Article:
While these supplemental funds may help states with remaining Title X grantees expand services in those states, they do not help states that no longer have any grantees in the Title X program. Grantees who decided they could comply with the new regulations for now, may have applied for and received these supplemental funds, but may decide in March 2020 that they can no longer comply with the physical separation requirements that go into effect March 4, 2020. The physical separation requirements in March 2020 may leave a new set of gaps in the network. It is clear that, even with the supplemental awards, gaps remain in many parts of the country.
|Table 1: Title X Grantees Program Participation and Receipt of Supplemental Funding|
|State||Total Grantees initially awarded FY2019 funds||Number of grantees that have left the Title X program||Number of grantees remaining in the Title X program||Number of grantees that received supplemental funding||Share of prior network represented by grantee(s) awarded supplemental funding||Original share of state FY2019 funding awarded to grantee that will be receiving supplemental funding awarded|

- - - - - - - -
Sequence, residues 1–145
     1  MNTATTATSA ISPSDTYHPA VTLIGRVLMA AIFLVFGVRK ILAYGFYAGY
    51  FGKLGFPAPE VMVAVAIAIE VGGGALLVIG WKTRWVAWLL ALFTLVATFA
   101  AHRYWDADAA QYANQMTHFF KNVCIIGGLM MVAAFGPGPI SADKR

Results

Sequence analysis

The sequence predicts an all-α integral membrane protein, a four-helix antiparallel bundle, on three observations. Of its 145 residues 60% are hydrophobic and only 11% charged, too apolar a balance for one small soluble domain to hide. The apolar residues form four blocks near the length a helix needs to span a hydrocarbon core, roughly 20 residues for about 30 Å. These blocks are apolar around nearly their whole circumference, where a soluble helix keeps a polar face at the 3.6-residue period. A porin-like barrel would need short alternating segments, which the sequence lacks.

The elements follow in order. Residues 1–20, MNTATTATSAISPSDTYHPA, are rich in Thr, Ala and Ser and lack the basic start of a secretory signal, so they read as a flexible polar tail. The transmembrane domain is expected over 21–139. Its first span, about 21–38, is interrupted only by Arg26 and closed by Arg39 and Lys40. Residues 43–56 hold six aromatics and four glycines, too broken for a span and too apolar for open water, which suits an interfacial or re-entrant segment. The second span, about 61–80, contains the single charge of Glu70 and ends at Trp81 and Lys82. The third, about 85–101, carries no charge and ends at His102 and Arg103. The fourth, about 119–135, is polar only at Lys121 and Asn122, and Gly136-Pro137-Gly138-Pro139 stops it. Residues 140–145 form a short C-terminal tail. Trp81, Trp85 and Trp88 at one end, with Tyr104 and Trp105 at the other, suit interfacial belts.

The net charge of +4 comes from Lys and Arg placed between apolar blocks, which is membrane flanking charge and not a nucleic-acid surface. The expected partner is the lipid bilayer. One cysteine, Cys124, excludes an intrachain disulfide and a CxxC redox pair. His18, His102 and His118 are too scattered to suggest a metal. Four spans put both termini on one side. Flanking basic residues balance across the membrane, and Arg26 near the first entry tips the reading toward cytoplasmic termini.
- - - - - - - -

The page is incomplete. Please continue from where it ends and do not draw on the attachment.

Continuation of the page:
|Connecticut||2||1||1||1||7/24 = 29%**||$300,000/$2,400,000 = 13%
Cornell Scott-Hill Health Corporation
|Florida||3||0||3||2||3/157 = 2%|
|Idaho||2||1||1||1||44/45 = 98%|
|Illinois||3||2||1||1||9/104 = 9%**||$500,000/$8,000,000 = 6%
Aunt Martha’s Health and Wellness
|Iowa||2||0||2||1||25/50 = 50%|
|Maryland||2||1||1||1||8/81 = 10%**||$800,000/$4,000,000 = 20%
Community Clinic Inc.
|Massachusetts||3||2||1||1||45/94 = 48%**||$1,800,000/$5,800,000 = 31%